12 Days of End-of-Year Tax Tips

Tax tips to take before the new yearThe holiday season is almost upon us. You know what that means – spending, spending and more spending. If you’re stressed about your holiday finances we have good news. We’ve all heard of the 12 days of Christmas, but how about the 12 days of tax tips? Financial consulting leader Ernst & Young has come with its own festive financial tips to start the New Year off right with some money in the bank.

 Day One: Start Up Those Savings

If you haven’t already, be sure to make your $5,000 tax-free savings account (TFSA) contribution before year end. If you haven’t opened a TFSA no worries – it’s never too late to start. Be sure to catch up with a $20,000 contribution and start the New Year off right with a $5,500 contribution (a $500 increase from 2012).

 Day Two: Prep for Post-Secondary Education

Saving for your children’s education is a no-brainer. Registered education savings plans (RESPs) are the best way to sock away money for your toddler’s post-secondary education. Not only will your money grow tax-free, the government will kick-in a grant of $500 for a $2,500 contribution. Not too shabby!

 Day Three: Contribute to Your Retirement

It’s never too early to plan for your retirement. Whether you’re hoping to move to Florida or travel the world, registered retirement savings plans (RRSPs) are the ideal savings tool. December 31st may signify the end of 2012, but you can still make 2012 RRSP contribution until March 1st of the following year. Eager beavers can make the most of their RRSP by contributing the maximum in January.

Day Four: Heed That RRSP Deadline

Unlike TFSAs you can’t contribute to RRSPs forever. If you turned 71 in 2012, circle December 31st on your calendar. This (not March 1st) is your final opportunity to contribute to your RRSP. Your RRSP will mature at year-end, so you’ll have an important choice to make – receive as a lump sum, convert it to a Registered Retirement Income Fund (RRIF) or purchase an annuity. This is a big financial decision, so be sure to consult your financial advisor.

Day Five: Tally Up Those Tax Deductible Expenses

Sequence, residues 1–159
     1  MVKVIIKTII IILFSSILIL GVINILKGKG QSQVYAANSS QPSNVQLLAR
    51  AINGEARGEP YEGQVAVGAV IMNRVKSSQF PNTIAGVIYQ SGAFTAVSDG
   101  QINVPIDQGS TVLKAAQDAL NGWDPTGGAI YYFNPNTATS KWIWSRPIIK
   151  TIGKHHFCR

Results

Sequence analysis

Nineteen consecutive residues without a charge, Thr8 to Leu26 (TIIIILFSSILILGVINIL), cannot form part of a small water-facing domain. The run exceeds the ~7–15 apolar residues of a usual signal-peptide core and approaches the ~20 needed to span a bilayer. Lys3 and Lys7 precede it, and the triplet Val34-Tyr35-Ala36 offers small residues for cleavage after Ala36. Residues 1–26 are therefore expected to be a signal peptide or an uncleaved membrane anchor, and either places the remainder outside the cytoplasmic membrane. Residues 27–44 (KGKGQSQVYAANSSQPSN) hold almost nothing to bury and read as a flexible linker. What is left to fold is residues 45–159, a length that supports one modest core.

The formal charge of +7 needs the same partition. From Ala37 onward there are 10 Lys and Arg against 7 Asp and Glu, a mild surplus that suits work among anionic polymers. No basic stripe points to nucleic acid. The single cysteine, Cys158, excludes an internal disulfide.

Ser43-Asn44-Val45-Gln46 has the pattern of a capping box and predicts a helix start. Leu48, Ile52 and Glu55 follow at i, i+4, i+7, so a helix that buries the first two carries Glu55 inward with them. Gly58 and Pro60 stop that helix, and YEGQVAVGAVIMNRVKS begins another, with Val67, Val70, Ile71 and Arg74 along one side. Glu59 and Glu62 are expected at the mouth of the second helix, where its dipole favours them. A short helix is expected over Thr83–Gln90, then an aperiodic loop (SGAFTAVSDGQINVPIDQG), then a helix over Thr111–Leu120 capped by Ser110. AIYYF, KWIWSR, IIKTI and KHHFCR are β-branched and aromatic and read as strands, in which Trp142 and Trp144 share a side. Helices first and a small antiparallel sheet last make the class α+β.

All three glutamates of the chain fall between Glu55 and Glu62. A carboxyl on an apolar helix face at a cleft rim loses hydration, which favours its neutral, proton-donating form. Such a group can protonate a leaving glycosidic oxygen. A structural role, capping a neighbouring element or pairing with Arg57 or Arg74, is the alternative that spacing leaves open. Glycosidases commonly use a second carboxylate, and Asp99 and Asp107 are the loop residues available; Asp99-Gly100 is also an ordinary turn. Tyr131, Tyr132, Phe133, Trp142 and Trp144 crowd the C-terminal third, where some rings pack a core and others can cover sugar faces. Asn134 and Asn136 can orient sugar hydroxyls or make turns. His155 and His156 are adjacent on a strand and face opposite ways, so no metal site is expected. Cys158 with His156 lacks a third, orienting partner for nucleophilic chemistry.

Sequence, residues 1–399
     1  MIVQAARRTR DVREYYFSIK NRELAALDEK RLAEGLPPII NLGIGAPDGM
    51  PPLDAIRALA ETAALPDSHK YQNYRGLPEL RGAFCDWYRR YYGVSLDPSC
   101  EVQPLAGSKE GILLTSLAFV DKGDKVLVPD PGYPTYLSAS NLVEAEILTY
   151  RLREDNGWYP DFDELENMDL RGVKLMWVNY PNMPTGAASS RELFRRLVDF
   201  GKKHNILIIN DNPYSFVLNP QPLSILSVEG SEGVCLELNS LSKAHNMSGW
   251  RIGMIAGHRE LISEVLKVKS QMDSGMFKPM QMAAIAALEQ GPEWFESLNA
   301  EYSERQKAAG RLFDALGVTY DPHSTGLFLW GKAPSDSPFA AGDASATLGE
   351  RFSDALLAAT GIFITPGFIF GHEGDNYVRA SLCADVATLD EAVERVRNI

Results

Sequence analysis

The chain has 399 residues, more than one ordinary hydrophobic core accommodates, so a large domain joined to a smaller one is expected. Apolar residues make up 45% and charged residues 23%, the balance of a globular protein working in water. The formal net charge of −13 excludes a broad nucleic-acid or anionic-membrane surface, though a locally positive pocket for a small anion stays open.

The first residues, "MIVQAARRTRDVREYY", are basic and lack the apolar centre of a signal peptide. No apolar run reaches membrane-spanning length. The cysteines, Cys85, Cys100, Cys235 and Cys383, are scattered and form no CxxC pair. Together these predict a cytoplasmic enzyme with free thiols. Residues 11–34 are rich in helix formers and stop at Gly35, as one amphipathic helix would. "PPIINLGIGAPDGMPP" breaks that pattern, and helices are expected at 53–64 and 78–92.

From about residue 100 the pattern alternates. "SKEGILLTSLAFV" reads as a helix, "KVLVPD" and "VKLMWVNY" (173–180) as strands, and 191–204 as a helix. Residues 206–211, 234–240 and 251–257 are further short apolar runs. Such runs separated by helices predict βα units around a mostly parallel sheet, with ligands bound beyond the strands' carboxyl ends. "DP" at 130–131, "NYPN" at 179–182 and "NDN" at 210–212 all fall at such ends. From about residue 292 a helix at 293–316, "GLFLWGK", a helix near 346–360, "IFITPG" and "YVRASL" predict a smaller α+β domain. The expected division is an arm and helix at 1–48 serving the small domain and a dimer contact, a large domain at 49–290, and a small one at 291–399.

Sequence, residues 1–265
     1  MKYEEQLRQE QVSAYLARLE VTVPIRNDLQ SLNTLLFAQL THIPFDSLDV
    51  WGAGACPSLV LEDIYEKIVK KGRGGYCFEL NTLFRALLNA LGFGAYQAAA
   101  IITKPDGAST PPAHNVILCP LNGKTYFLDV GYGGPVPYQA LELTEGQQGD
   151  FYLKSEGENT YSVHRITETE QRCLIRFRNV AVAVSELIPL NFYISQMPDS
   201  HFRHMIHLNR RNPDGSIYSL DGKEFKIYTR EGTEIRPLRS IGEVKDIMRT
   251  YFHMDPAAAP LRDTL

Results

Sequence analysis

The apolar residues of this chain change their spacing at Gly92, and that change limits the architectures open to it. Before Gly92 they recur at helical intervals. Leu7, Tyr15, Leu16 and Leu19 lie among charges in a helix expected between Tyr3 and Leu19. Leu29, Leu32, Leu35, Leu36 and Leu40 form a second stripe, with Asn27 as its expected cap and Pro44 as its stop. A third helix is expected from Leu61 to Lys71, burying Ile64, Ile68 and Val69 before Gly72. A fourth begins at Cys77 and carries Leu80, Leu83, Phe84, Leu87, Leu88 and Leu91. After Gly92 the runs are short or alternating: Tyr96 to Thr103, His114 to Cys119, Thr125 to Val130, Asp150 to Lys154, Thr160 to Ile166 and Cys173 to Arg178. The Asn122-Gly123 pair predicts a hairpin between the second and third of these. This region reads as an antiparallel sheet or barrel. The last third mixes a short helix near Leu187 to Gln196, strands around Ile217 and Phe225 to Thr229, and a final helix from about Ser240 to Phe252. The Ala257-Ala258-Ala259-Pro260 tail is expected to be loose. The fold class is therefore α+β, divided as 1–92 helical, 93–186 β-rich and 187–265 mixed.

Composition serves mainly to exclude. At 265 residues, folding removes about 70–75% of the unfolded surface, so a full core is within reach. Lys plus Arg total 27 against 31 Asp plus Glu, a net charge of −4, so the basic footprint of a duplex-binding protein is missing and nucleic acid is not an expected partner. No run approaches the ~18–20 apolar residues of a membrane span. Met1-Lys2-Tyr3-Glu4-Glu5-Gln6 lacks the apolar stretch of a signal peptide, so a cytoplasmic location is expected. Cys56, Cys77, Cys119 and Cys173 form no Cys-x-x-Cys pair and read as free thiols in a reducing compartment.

Who ever said there’s no such thing as a free lunch? Don’t forget to pay your tax-deductible and tax-credits eligible expenses by December 31st. Tax-deductible expenses include interest, investment counsel/management fees, safety deposit box fees and child-care. Be aware of tax credits to take advantage of includes charitable donations, medical expenses, tuition fees and transit passes.

 Day Six: Shrink Your Interest Payments

Make it your new year’s resolution to rid yourself of non-deductible interest – starting with the highest interest rate (usually your credit card) makes the most sense. Paying off non-deductible interest before your tax deductible interest will get the biggest bang for your buck.

 Day Seven: Be Aware of All Taxable Benefits

Employees lucky enough to have a fancy ride provided by their employer won’t feel so lucky come tax time, as that employer-provided automobile is considered a taxable benefit. If your company car is mainly used for business, your standby charge and operating cost benefit will be reduced. Consult with your employer and accountant.

 Day Eight: Don’t Wait For Your Money

A tax refund isn’t a financial windfall – it’s an overpayment in taxes. Instead of providing Canada Revenue Agency (CRA) with an interest-free loan, request for a reduction in taxes by completing Form T1213, Request to Reduce Tax Deductions at Source. Use the extra funds to top-up your RRSP and TFSA or pay down your mortgage.

 Day Nine: Team Up For those Taxes

Income-splitting isn’t exclusive to spouses. If you’re in the highest marginal tax bracket, it makes sense to look at ways to split with your spouse, children or even grandchildren, who are in lower tax brackets. You’ll keep more of your hard-earned money in your hands and away from the taxman.

 Day 10: Dump Those Losses

If your investment portfolio contains a real dog it’s worth considering selling it before year-end. Claiming a capital loss can be used against current year capital gains or carried back three years.

 Day 11: Don’t Wait for those Deductions

Self-employed individuals and incorporated small business owners looking to make major capital purchases shouldn’t wait until the New Year. Make purchases before December 31st to claim the depreciation deduction in the current tax year.

 Day 12: Be a Nice Boss

Business owners in Ontario and Quebec looking to reward employees with a salary increase or dividends should consider doing so before 2013. Not only will you save on taxes, capital gains will be taxed lower for investors. Talk about a win-win situation!

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